Imagine being a Black man on trial in a segregated courtroom in Depression-era Alabama, accused of raping a local farmer’s daughter, and mounting your defense before an all-white, all-male jury of local farmers.
It’s hard to imagine that man getting a fair trial, even if he were innocent, which happens to be the case in To Kill a Mockingbird (★★★★☆), Aaron Sorkin’s riveting adaptation of Harper Lee’s Pulitzer Prize-winning novel.
At some point in U.S. history, the race, class, and gender dynamics driving Lee’s combustible scenario might feel quaint, laughably antiquated, obsolete. We’re not there yet. Mockingbird‘s Southern-fried courtroom drama still holds plenty of compelling truth in its reflection of racial injustice.
The accused, Tom Robinson (Yaegel T. Welch), a Negro in official ’30s parlance, faces the electric chair — if a lynch mob doesn’t get their hands on him first. And seemingly all that stands between Tom and his worst fate is the most decent and honest white man in the county, a self-described country lawyer named Atticus Finch.
For this smooth-running touring iteration of director Bartlett Sher’s Tony-winning Broadway production, Richard Thomas embodies Atticus in all his goodness, and complex moral reasoning.
Enshrined in the American imagination as an honest and decent country boy, Thomas injects just enough self-doubt and self-awareness into his portrayal to complicate the character’s heroic standing without diminishing him as a model of integrity.
Sorkin’s play — narrated by both Atticus’ precocious daughter, Scout (Melanie Moore), and willful teenage son, Jem (Justin Mark) — draws attention to Atticus’ tendency to excuse the bigotry and racial animus expressed by their “friends and neighbors,” while also encouraging his kids to treat all people equally. Don’t judge a man unless you’ve walked a mile in his skin, he admonishes Jem and Scout.
Atticus gets called out on his contradictions by the family’s cook Calpurnia, played with wit and savvy by Jacqueline Williams. Jem, increasingly frustrated with his father’s tolerance of their neighbors’ intolerance, also is critical, deeming Atticus to be meek in the face of corruption and hatred.
Thomas and Mark layer Atticus and Jem’s father-son conflict with love and respect, thus really putting the sting in the boy’s disappointment, or in his dad raising his voice in anger. On the other hand, in moments of deep sympathy between the two, the actors engender a tenderness that heals all wounds.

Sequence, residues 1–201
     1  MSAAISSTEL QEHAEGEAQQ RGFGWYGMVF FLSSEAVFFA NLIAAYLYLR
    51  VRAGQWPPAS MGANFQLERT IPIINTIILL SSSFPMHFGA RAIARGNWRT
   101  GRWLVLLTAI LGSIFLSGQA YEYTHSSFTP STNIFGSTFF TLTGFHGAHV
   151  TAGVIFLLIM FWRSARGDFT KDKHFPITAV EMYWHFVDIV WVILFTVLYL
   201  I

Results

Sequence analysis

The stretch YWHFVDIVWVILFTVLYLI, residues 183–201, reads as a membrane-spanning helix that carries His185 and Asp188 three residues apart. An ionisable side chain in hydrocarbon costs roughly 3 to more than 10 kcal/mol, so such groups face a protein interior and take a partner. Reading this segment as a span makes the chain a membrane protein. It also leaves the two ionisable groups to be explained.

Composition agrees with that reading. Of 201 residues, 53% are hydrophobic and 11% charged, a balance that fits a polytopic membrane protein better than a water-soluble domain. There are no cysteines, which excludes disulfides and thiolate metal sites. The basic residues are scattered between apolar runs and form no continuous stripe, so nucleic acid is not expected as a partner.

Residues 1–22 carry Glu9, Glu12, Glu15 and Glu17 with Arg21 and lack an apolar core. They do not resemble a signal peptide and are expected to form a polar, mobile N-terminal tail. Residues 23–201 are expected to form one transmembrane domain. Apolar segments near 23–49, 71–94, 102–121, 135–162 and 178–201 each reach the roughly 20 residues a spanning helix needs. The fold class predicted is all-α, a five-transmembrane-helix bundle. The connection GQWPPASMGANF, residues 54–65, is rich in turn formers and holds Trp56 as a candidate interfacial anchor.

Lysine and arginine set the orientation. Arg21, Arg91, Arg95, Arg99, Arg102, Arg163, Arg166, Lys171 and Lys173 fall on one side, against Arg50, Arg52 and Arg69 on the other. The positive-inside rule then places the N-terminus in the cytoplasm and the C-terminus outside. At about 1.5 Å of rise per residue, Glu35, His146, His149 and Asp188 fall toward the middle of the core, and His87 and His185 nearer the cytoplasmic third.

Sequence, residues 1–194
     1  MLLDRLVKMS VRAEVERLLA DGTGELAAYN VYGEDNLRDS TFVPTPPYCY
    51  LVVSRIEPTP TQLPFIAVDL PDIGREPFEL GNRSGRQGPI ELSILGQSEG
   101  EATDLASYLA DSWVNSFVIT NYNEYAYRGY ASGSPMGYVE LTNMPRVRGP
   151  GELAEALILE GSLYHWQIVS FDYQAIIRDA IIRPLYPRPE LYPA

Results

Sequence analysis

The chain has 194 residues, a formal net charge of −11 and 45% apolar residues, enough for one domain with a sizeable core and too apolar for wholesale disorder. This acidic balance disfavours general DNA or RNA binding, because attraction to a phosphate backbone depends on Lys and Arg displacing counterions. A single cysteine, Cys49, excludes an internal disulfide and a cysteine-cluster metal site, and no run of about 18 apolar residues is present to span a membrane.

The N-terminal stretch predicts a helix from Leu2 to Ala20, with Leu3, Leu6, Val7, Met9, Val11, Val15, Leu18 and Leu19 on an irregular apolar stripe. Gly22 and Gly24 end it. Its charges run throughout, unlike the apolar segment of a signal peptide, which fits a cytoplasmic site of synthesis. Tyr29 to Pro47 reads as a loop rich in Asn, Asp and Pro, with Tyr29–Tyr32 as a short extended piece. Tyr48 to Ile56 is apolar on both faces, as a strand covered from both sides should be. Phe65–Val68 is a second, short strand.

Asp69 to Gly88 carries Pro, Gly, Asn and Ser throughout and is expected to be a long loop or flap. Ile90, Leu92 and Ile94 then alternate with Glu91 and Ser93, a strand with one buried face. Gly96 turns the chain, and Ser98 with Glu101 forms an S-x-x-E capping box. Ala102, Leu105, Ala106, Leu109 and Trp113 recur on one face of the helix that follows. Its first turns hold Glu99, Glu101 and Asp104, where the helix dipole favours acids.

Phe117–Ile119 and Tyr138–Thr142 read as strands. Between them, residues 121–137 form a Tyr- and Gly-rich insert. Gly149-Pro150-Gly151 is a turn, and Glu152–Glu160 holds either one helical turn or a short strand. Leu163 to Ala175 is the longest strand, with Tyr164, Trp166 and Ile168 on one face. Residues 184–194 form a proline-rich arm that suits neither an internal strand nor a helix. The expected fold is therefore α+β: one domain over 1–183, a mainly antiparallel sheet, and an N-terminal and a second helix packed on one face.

Moore adeptly juggles Scout’s role as guileless innocent and trusty tour guide to the town, often our eyes and ears on events just partly dramatized. Her Alabama accent wavers — and intentionally or not sounds dead-on like Amy Poehler’s hyper kid character Kaitlin on SNL — but the characterization works.
The Finch family rapport, abetted by Williams as Calpurnia, reinforces their bond with the audience as the household comes under attack, literally and figuratively. The script and direction pace the relevant reveals of the court case with masterful timing, which applies almost equally to the humor, except that a few comic beats are banged too heavily.
There’s nothing heavy at all in Miriam Buether’s graceful scenic design. Pieces glide in, descend softly, or are gently rolled into place, linking to turn a bare stage into a courtroom, or into the front porch of the Finch house. The town comes to life in the setting, as well as in the ensemble.
Yaegel T. Welch as courageous defendant Tom Robinson, Steven Lee Johnson as visiting-for-the-summer Dill, and Richard Poe as shrewd Judge Taylor offer solid approaches in support. Joey Collins’ performance as Bob Ewell, the ornery father of alleged victim Mayella, tips towards parody of a redneck villain, but Arianna Gayle Stucki is fairly mesmerizing as the prevaricating farmer’s daughter.
Mary Badham, who, at age 10, played Scout in the film version (becoming the then-youngest ever Oscar nominee for Best Supporting Actress), gives a feisty turn as crotchety, mean-for-no-good-reason Mrs. Henry DuBose.
Though, as funny as it is watching DuBose rampantly insulting everyone who crosses her path, she’s an eerily potent example of the sort of hatred that keeps this story current, and keeps honest and decent folks fighting for justice.
To Kill a Mockingbird runs through July 10 in the Kennedy Center Opera House. Tickets are $49 to $199. Call 202-467-4600, or visit www.kennedy-center.org.
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